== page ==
Resources have been allocated in this planned process of organizational change, where staff has been trained to be supportive of the initiative; and it is obvious some form of energy management is to be implemented, though yet unannounced. But, a 15% reduction in energy use is ambitious, and made all the more so by having a building stock that is for the most part not designed for energy efficiency or conservation. We are told of contingencies to deal with energy costs, and the cutting of budgetary allocations set aside for utilities. But more is needed. I look forward to hearing about the remaining measures to be instituted. Because, this cannot be achieved without further resources being allocated. 

I am, etc.

 Paul Hay MBA, BA(Arch.)Managing PartnerPAUL HAY Capital Projects Caribbean Capital Projects Management  P. O. Box 3367, Kingston 8, Jamaica, W.I. tel: 1 (876) 756-0631 cel: 1 (876) 324-4274 fax: 1 (876) 756-0631 web: www.phcjam.com e-mail: paul.hay@phcjam.com skype name: phcjam profile: www.linkedin.com/in/phcjam twitter: www.twitter.com/phcjam

Posted by phcjam at 12:01 AM EDT
Updated: Monday, 16 May 2011 1:18 PM EDT
Friday, 29 April 2011
Big savings with more than one solar technology
Topic: Energy Use

Dear Editor,

                I am in agreement with Noel Mitchell’s letter entitled “Solar is the way to go”, which was printed in your paper, dated 27 April 2011. Jamaica should be utilizing much more solar energy than we presently do. But, utilization of photovoltaic (PV) panels (i.e. solar panels) is somewhat limited by their current inefficiency. Hence, large unshaded areas are required for their installation. Whenever a building exceeds three stories there is simply not enough roof space to accommodate all the panels needed to provide all of the buildings’ energy demand. So, individuals and small businesses most likely possess the required space to accommodate the panels, but initial costs may be unaffordable. Conversely “large buildings such as hotels, large office complexes”, some government ministries and hospitals will not have all the required space, though they may have the means to afford the installation. This is also the case with solar water heaters, and both are liabilities when hurricanes threaten.

However, an often overlooked yet effective solar technology is the use of daylight as a substitute for electric light. This is called “Daylighting”. You will realise that natural light was used to illuminate buildings before the advent of electricity. Today, it may simply entail the use of switches to control lighting fixtures adjacent to windows independent from areas deeper in a room: which will be darker. But, research has shown that occupants cannot be trusted to control these switches effectively; so, the current technology uses photocells to automatically dim or switch off electric lights as natural lighting levels increase. Again, space is an issue. Typically only spaces up to 4.5 or 6m in from windows can be “daylit”, though this can be increased by technology that is already in use at PCJ’s office building. Nevertheless, research again shows that daylighting will effect significant energy savings under these conditions, and especially in environments as our own.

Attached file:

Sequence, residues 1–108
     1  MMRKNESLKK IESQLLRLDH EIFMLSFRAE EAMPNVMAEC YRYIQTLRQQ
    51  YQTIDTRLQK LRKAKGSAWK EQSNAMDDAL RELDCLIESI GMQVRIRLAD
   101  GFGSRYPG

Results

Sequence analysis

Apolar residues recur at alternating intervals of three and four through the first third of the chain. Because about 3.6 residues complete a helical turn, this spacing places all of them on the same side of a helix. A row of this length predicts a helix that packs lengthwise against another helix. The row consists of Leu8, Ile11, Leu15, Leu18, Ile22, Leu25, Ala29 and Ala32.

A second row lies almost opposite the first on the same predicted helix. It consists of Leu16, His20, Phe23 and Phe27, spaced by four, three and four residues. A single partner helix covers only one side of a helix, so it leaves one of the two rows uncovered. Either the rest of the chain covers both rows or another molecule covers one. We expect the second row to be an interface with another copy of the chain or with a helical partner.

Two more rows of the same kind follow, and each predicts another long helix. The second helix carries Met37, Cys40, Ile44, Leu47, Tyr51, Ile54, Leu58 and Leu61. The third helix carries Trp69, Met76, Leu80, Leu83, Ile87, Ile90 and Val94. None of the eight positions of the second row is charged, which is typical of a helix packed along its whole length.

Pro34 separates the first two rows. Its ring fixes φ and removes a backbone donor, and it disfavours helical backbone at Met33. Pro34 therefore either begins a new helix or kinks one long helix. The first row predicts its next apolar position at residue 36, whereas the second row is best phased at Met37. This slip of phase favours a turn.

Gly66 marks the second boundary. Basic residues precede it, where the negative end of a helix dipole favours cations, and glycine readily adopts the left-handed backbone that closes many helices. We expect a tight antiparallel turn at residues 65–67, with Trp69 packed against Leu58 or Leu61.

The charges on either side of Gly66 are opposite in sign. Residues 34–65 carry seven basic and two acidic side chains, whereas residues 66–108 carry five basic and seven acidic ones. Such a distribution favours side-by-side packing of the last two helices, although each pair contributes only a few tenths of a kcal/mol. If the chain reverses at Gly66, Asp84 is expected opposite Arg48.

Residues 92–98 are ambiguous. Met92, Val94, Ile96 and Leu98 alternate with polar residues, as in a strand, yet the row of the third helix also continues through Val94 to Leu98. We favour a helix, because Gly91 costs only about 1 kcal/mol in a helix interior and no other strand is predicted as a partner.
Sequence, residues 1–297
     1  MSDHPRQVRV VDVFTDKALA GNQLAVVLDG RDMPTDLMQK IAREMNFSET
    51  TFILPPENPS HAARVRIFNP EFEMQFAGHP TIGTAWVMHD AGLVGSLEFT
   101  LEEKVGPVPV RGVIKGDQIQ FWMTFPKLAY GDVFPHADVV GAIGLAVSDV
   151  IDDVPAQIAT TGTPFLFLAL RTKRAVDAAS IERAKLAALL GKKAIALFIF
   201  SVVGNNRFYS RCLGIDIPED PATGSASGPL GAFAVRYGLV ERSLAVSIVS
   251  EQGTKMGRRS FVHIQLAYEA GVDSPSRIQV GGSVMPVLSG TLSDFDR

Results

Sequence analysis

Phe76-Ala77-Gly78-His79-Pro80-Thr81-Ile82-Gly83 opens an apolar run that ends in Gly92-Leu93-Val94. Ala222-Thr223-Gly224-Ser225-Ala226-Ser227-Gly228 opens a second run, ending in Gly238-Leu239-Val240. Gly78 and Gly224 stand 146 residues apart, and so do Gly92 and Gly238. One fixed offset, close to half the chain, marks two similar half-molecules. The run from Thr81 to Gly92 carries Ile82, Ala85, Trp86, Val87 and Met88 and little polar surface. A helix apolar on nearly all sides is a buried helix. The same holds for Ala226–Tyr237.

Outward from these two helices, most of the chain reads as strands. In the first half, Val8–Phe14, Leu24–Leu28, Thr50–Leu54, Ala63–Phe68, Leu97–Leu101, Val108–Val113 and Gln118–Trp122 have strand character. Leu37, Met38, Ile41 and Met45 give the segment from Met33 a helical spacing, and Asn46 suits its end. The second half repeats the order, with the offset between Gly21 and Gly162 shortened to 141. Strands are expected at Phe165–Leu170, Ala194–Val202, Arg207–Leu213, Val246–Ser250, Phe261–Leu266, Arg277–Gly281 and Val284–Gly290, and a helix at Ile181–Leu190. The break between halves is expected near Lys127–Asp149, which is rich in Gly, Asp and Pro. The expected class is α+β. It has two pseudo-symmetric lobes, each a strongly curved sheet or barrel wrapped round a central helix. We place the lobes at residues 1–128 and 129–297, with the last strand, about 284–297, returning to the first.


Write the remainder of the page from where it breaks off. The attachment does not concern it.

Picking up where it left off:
So, it is possible to utilize solar energy for the greater part of our buildings’ energy demand. But, potential savings are even greater with use of more than one solar technology. Our government has proposing to use PV panels for street lights, which would be a worthwhile investment if and when it gets implemented. However, it may prove even more effective to provide incentives for the private sector to utilize more solar energy, while the government itself seeks to use more solar energy. Then, we could have a bright future, even when the price of oil is volatile.

 Paul Hay MBA, BA(Arch.)Managing PartnerPAUL HAY Capital Projects Caribbean Capital Projects Management P. O. Box 3367Kingston 8Jamaica, W.I. tel: 1 (876) 756-0631cel: 1 (876) 324-4274fax: 1 (876) 756-0631 web: www.phcjam.come-mail: paul.hay@phcjam.comskype name: phcjamprofile: www.linkedin.com/in/phcjamtwitter: www.twitter.com/phcjam 

Posted by phcjam at 12:01 AM EDT
Thursday, 21 April 2011
Stop giving baskets to carry water

THE EDITOR, Sir:

 

I write with regard to your article of Wednesday, 20 April 2011, entitled “Cut Energy Use, Finance ministry tells state bodies”.  The government is to be commended for seeking to reduce its energy use by 15% within this fiscal year. However, this initiative seems doomed to repeat the fate of the previous year: when the same directive was issued and most ministries and departments failed to realize the target. What really has changed?